Woman Becomes Instantly Famous by Telling People What Their Names Taste Like

There are people out there that can hear words and see colors or taste them. Others may experience other sensations as well. One woman who can taste words decided to offer up her services to Twitter. She asked her followers to respond to her to find out what their name tastes like and replied to them for hours.

Synesthetes. “Synesthetes hear colors, feel sounds and taste shapes,” Thomas J. Palmeri, Randolph B. Blake and Ren Marois of Vanderbilt University explained to Scientific American. “Of the various manifestations of synesthesia, the most common involves seeing monochromatic letters, digits and words in unique colors this is called grapheme-color synesthesia.”

Common. Synesthesia is a relatively common condition that affects about 4 percent of the population. Studies on it have found that it’s more common in people who have Asperger’s, affecting around 18.9 percent.

Magical Phenomena. For those without it, it almost sounds like a magical phenomena where someone see people as colors, taste words, or see music. The first recorded case of Synesthesia happened in 1690 when a blind man claimed to see the color scarlet when he heard the sound of a trumpet.

Taste. Julie McDowall of Glasgow, Scotland is a freelance journalist, podcaster and author. She’s also a synesthete who happens to be able to taste people’s names. Earlier this week she posted on Twitter asking for people to send her their names so she could tell them what they taste like.

Sensations. “I have synesthesia which means I can ‘taste’ words,” Julie tweeted. “Ask me what your name tastes like.” She then added, “I put ‘taste’ in [quotes]. Ninety percent is taste. Some sensations or images get through.”

Ummm. Someone asked her what her own name tastes like, and well, they got a very interesting response. Julie tweeted, “Sadly I’m a watery eyeball.” I’m not really sure if she means the image of one or the taste but okay.

Beaded Dress. A person named Paddy asked for Julie’s expertise and she responded, “A fat squishy notepad. Maybe it’s damp and so the paper has expanded.” The name Cynthia is “A heavy, beaded dress. Like something worn by Elizabeth I.”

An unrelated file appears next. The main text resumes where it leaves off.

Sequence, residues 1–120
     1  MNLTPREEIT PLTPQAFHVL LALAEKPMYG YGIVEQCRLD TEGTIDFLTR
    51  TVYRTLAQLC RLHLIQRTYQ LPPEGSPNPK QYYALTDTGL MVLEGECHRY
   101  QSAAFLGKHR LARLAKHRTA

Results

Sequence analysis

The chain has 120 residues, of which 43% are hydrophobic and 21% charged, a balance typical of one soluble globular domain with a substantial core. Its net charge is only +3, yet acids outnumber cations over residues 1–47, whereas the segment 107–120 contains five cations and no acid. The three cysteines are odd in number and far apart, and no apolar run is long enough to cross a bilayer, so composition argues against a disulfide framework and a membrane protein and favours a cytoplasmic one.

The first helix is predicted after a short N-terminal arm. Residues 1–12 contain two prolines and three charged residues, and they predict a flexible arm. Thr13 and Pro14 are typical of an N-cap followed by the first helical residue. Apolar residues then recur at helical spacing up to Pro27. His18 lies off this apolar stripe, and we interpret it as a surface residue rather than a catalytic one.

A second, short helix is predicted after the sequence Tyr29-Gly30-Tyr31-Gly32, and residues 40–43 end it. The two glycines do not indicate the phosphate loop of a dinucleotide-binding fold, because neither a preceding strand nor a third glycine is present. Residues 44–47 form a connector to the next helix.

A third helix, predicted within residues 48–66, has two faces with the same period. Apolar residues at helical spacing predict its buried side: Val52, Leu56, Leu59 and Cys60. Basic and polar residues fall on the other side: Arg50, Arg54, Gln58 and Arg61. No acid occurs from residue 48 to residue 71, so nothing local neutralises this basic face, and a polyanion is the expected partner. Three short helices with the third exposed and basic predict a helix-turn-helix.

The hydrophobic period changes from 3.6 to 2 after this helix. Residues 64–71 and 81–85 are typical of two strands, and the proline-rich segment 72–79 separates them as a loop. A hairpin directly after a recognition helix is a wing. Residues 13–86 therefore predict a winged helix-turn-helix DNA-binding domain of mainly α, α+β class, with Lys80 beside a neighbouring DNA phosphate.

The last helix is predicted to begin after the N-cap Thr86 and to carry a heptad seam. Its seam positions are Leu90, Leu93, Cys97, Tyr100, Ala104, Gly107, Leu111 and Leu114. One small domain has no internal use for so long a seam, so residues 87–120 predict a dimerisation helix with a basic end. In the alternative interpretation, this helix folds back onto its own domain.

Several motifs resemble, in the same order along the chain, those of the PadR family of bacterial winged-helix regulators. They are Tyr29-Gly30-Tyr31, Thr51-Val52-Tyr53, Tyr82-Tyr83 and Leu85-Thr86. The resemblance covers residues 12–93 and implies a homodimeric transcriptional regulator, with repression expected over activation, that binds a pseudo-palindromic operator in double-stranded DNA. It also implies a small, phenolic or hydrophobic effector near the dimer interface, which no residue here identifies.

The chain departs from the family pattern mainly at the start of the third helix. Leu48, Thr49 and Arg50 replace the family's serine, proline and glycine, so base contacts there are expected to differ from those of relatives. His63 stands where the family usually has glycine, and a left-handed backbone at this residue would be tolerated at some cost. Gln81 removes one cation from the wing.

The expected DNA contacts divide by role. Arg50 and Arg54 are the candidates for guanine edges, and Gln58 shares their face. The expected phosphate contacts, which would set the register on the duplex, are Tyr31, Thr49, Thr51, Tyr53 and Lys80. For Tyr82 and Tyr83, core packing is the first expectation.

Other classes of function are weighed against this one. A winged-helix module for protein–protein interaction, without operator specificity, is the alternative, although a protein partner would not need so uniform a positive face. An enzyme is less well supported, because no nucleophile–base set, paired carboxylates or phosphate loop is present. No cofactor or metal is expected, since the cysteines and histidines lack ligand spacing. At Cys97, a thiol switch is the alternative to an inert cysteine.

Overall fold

Sausage Roll. One woman tweeted at Julie, “Thank you. Can you do my fiancé Ross? Would love to include our different ‘tastes’ in our wedding somehow.” Julie responded that his name tastes like a sausage roll.

Mike vs Michael. “Mike? That’s more of a sensation than a taste. Like the spokes of a bike wheel. Brittle and metallic taste.” But Michael is surprisingly different. Julie tweeted that Michael tastes like “Salt and vinegar Ringos.”

Menthol. “Zelda is a Midget Gem with a menthol flavor. Tallulah is a hollow flute made from thin crisps,” Julie continued in another tweet. “Darren is the sensation of earache, So is Ian.” And Danielle tastes like Spaghetti-o-s.

Leathery Button. “John is a leathery button on an old man’s cardigan. Bosco is too hard to grasp as it’s too unfamiliar,” Julie wrote. She continued on and on into the night answering people’s queries. Things started to get out of hand so Julie decided to ask for donations for her time and expertise.

Six Million. “I can’t possibly answer everyone’s name taste requests,” she tweeted. “6 MILLION Twitter activity in past 24 hours! But if you want to donate something to my podcast at the link below, I’ll taste three names for you. Pls include your Twitter handle and name requests.”

Requests. After a while she checked in again writing, “Working through my Paypal requests and have been getting a lot of Alisons and Johns. (Icing and buttons on an old man’s cardigan) so it was lovely to suddenly get a lady whose name is an edible kaleidoscope. Wow! That’s sending my synesthesia off the chart.”

Pattern. The whole experiment turned out to be a learning experience for her. “There is *some* pattern to my synesthesia. For example, Susan is a zip, but Susannah is a zippable banana (whatever the hell that is!) The -annah adds a banana.”

Fascinating. The whole thread is absolutely fascinating and definitely worth checking out. And if you can’t find your own name you should definitely try to hit her up with a donation.